Tetramethyllead

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Tetramethyllead
Tetramethylblei.svg
Identifiers
3D model (JSmol)
ChemSpider
ECHA InfoCard 100.000.816
Properties
C4H12Pb
Molar mass 267.3 g·mol−1
Except where otherwise noted, data are given for materials in their standard state (at 25 °C [77 °F], 100 kPa).
Infobox references

Tetramethyllead, also called tetra methyllead and lead tetramethyl, is a chemical compound used as an antiknock additive for gasoline.[1] Its use is being phased out for environmental considerations.[2]

The National Institute for Occupational Safety and Health (NIOSH) in the United States has identified tetramethyllead as a potential workplace hazard. The recommended time-weighted average exposure limit to tetramethyllead is 0.075 milligrams per cubic meter during a 10-hour workday; the OSHA permissible exposure limit is the same value assuming an 8-hour workday.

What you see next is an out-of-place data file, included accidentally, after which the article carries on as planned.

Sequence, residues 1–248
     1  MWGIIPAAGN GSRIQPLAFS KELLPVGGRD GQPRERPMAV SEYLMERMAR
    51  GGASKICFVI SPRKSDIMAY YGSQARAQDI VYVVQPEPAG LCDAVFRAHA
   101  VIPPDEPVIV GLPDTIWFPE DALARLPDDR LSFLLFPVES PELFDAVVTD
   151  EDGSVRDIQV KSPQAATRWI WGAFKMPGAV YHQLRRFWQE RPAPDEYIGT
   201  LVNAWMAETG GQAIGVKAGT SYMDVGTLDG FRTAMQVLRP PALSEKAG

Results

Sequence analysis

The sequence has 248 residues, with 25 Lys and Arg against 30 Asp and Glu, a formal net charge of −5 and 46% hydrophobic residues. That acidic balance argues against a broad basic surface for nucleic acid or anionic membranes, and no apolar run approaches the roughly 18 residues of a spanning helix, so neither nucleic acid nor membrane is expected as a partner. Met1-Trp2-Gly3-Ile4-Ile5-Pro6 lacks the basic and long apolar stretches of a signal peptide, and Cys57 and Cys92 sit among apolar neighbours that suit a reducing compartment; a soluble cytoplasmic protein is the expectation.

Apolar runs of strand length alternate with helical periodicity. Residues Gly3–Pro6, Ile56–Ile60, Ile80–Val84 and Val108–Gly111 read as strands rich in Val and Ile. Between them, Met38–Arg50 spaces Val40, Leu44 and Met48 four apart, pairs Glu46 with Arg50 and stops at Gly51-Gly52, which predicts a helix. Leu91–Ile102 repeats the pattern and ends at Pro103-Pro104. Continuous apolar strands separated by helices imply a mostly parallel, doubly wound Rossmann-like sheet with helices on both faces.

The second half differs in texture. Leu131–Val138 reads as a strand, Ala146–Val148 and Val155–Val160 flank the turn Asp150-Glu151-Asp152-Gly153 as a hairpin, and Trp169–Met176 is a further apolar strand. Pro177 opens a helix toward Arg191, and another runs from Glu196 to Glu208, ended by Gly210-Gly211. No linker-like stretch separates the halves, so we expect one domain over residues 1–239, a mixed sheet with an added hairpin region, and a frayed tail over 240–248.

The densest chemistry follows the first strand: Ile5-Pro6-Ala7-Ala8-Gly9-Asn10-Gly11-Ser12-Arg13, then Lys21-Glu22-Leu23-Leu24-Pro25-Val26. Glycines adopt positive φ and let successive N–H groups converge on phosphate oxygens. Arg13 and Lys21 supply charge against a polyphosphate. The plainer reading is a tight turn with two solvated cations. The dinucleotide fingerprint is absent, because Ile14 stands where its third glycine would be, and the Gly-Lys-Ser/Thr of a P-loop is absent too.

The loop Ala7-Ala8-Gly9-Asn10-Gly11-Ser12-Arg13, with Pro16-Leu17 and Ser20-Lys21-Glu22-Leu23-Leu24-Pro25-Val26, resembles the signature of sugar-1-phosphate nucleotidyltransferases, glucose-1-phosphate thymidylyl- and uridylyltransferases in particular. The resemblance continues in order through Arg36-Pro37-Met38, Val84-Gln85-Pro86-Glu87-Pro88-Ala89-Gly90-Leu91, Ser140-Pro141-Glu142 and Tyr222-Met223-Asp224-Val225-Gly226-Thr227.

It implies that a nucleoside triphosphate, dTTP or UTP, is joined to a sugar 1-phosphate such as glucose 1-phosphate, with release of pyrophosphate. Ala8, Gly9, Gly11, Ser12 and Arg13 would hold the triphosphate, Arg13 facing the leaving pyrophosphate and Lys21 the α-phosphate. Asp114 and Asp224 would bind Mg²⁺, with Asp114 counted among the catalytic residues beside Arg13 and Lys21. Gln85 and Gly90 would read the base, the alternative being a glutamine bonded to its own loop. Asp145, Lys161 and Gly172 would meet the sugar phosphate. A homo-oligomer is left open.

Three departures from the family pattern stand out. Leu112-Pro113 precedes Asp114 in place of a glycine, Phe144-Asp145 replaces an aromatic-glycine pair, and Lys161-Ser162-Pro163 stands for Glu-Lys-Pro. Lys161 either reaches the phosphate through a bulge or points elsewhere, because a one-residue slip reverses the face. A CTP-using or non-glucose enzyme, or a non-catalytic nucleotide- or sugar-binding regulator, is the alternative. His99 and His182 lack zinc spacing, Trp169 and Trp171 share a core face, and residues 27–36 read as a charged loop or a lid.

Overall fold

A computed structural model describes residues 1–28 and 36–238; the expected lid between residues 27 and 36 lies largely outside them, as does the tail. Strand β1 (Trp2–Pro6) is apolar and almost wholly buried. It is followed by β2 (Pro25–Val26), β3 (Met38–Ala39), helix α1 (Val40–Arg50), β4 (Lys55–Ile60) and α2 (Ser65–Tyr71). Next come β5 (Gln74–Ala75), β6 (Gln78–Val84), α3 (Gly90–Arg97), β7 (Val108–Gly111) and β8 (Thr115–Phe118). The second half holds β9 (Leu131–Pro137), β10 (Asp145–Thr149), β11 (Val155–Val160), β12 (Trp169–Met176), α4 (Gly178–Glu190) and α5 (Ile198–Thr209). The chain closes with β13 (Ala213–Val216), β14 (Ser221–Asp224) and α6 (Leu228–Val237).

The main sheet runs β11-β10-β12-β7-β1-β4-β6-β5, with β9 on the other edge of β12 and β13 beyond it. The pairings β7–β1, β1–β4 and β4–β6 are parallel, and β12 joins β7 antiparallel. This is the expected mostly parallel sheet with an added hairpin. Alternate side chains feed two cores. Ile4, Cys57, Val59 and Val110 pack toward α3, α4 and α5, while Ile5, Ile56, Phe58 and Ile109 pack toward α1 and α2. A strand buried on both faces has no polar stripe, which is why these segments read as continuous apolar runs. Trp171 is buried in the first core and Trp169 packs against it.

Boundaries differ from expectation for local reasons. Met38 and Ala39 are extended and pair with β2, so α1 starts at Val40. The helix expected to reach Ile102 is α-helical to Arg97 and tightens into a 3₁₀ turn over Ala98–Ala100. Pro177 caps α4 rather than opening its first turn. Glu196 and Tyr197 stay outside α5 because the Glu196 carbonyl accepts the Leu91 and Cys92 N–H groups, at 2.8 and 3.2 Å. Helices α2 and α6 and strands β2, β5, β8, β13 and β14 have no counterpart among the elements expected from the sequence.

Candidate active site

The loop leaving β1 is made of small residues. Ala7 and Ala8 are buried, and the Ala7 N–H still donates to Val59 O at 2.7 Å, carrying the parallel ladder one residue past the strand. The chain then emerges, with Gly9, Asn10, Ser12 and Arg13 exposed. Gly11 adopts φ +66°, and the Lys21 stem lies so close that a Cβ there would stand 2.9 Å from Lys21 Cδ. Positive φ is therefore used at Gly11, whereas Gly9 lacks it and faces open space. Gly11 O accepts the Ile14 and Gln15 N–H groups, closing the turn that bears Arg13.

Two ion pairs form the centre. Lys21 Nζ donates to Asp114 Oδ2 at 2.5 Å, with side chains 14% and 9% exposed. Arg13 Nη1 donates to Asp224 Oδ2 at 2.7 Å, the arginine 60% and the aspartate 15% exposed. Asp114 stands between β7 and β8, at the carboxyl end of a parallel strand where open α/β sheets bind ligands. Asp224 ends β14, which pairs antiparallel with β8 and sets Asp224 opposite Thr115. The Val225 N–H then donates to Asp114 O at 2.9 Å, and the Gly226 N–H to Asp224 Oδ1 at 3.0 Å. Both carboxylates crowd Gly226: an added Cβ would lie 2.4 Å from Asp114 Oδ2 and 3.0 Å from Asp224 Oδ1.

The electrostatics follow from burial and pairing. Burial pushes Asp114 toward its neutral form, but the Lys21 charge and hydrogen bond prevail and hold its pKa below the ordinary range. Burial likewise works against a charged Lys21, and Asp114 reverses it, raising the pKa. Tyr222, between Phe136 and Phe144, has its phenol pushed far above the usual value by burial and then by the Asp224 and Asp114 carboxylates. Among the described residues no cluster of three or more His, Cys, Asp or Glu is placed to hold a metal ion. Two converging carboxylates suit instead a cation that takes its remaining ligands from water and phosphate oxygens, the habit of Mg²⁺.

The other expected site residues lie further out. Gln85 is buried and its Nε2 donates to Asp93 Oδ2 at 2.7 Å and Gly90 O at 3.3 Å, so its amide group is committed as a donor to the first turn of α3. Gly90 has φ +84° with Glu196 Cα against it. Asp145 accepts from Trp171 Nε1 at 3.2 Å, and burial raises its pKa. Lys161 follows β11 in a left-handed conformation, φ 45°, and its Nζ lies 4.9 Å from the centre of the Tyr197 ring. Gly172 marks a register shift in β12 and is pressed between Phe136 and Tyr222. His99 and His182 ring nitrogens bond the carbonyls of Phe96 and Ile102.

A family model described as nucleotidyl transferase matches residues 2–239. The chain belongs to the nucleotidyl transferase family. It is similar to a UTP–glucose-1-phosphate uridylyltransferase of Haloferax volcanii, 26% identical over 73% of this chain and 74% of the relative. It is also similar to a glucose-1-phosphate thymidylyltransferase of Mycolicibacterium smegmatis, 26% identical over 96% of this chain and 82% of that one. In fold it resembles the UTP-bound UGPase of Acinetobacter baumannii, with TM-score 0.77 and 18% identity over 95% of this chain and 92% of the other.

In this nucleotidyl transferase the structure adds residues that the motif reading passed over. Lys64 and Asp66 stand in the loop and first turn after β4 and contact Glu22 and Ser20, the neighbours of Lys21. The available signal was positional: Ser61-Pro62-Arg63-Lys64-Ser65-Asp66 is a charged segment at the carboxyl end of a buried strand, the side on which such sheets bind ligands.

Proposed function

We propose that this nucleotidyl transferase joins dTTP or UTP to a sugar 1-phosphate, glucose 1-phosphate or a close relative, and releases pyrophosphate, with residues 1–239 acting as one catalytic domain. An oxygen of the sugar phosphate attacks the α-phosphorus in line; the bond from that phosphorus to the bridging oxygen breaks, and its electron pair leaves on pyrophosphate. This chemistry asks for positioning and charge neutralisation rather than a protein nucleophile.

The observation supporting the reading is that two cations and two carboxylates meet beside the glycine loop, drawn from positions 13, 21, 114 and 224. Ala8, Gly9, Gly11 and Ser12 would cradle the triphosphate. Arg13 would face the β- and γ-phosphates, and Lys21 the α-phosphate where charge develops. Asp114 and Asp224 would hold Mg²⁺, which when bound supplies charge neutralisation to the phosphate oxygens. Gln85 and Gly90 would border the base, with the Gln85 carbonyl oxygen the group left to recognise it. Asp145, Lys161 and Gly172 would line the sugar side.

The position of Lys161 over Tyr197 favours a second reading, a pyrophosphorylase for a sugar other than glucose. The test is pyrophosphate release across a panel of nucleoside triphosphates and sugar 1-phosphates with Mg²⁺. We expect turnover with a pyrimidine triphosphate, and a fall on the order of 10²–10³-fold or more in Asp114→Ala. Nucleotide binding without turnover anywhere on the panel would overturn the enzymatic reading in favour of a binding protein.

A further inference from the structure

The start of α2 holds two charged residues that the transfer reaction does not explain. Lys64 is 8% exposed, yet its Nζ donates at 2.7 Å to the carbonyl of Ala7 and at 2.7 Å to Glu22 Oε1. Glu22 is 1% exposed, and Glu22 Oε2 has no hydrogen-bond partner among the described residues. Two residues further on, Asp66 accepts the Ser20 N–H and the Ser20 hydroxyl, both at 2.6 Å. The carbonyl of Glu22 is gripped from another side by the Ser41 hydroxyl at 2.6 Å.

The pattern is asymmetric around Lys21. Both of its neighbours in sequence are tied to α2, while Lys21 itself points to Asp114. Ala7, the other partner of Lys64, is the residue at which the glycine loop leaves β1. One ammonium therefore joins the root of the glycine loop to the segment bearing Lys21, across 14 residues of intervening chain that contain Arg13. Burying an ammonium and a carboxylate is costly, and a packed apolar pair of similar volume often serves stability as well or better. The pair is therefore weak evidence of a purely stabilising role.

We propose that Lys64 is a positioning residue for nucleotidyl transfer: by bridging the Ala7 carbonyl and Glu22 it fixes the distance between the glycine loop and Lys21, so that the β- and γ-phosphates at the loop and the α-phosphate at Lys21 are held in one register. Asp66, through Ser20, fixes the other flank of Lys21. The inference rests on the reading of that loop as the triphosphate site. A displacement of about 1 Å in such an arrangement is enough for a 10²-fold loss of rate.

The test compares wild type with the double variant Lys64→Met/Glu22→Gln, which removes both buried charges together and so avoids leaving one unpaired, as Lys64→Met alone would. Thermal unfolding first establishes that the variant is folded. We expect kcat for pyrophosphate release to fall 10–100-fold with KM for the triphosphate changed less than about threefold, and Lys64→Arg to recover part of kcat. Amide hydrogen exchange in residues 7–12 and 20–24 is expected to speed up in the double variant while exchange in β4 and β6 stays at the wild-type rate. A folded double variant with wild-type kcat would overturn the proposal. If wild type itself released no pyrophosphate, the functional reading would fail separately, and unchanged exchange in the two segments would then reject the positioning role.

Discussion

Exposure to tetramethyllead can affect the central nervous system, the kidneys, and the cardiovascular system. Tetramethyllead can be absorbed through inhalation, through eye contact, through skin absorption, and by ingesting the substance. Symptoms of exposure include insomnia, coma, seizure, mania, delirium, loss of appetite, nausea, hypotension, anxiety, restlessness, and nightmares. First aid measures for exposure include artificial respiration, immediate eye irrigation, and immediate washing with water. Immediate medical attention should be sought if tetramethyllead is ingested.[3]

See also[edit]

References[edit]

  1. ^ "Tetramethyllead". pubchem.ncbi.nlm.nih.gov.
  2. ^ Filella, Montserrat; Bonet, Josep (2017). "Chapter 14. Environmental Impact of Alkyl Lead(IV) Derivatives: Perspective after Their Phase-out". In Astrid, S.; Helmut, S.; Sigel, R. K. O. (eds.). Lead: Its Effects on Environment and Health. Metal Ions in Life Sciences. 17. de Gruyter. pp. 471–490. doi:10.1515/9783110434330-014.
  3. ^ "CDC - NIOSH Pocket Guide to Chemical Hazards - Tetramethyl lead (as Pb)". www.cdc.gov. Retrieved 2016-06-07.